The Jake Locker paradox

Jake Locker is an elite player, but how much will that mean for the Huskies in 2010? Getty Images

Jake Locker of the Washington Huskies should, by all means, be a good NFL quarterback -- most people seem to think he will be. For this autumn, though, he's still a college football player and no matter how you would define success at the collegiate level -- be it wins, statistics, advanced statistics or some combination thereof -- Locker hasn't found it; last year the Huskies only went 5-7.

It's rare to find a QB receiving such lofty preseason accolades coming off a sub-.500 season. Arizona State's Andrew Walter in 2004 might be the last true example of such a thing, but Walter was only given marginal consideration, at best. To get the hype in the fall, you usually have to achieve to some degree the year before -- if not by winning games, then at least by lighting up box scores. For the most part, Locker has done neither. His career record is 8-20, and while his statistics are solid, they have been far from spectacular so far. But as he enters what is basically his third collegiate season (two-thirds of the 2008 year were wiped out due to injury), there is still time for him to succeed to some degree.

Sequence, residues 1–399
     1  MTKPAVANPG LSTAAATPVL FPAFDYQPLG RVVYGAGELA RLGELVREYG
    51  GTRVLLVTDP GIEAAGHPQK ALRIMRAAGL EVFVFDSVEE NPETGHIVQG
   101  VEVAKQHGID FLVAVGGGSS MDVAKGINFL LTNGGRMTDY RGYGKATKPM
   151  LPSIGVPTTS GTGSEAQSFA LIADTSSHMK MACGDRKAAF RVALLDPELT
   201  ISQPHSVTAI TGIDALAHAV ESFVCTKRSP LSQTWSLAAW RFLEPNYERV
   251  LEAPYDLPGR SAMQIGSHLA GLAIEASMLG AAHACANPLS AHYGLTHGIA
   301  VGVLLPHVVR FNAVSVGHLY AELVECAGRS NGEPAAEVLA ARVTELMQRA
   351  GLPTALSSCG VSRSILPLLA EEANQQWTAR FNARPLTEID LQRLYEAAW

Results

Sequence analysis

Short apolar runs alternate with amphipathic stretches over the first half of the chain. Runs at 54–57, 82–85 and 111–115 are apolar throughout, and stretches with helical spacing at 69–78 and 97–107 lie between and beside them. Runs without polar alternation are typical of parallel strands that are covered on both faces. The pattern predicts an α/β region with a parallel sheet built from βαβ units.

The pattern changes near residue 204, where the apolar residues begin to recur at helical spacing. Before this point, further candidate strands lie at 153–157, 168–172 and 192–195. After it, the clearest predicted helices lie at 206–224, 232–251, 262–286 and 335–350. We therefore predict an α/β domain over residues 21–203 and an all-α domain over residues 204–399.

So, aside from being drafted No. 1 overall next April, what would success look like for Locker and the Huskies this fall?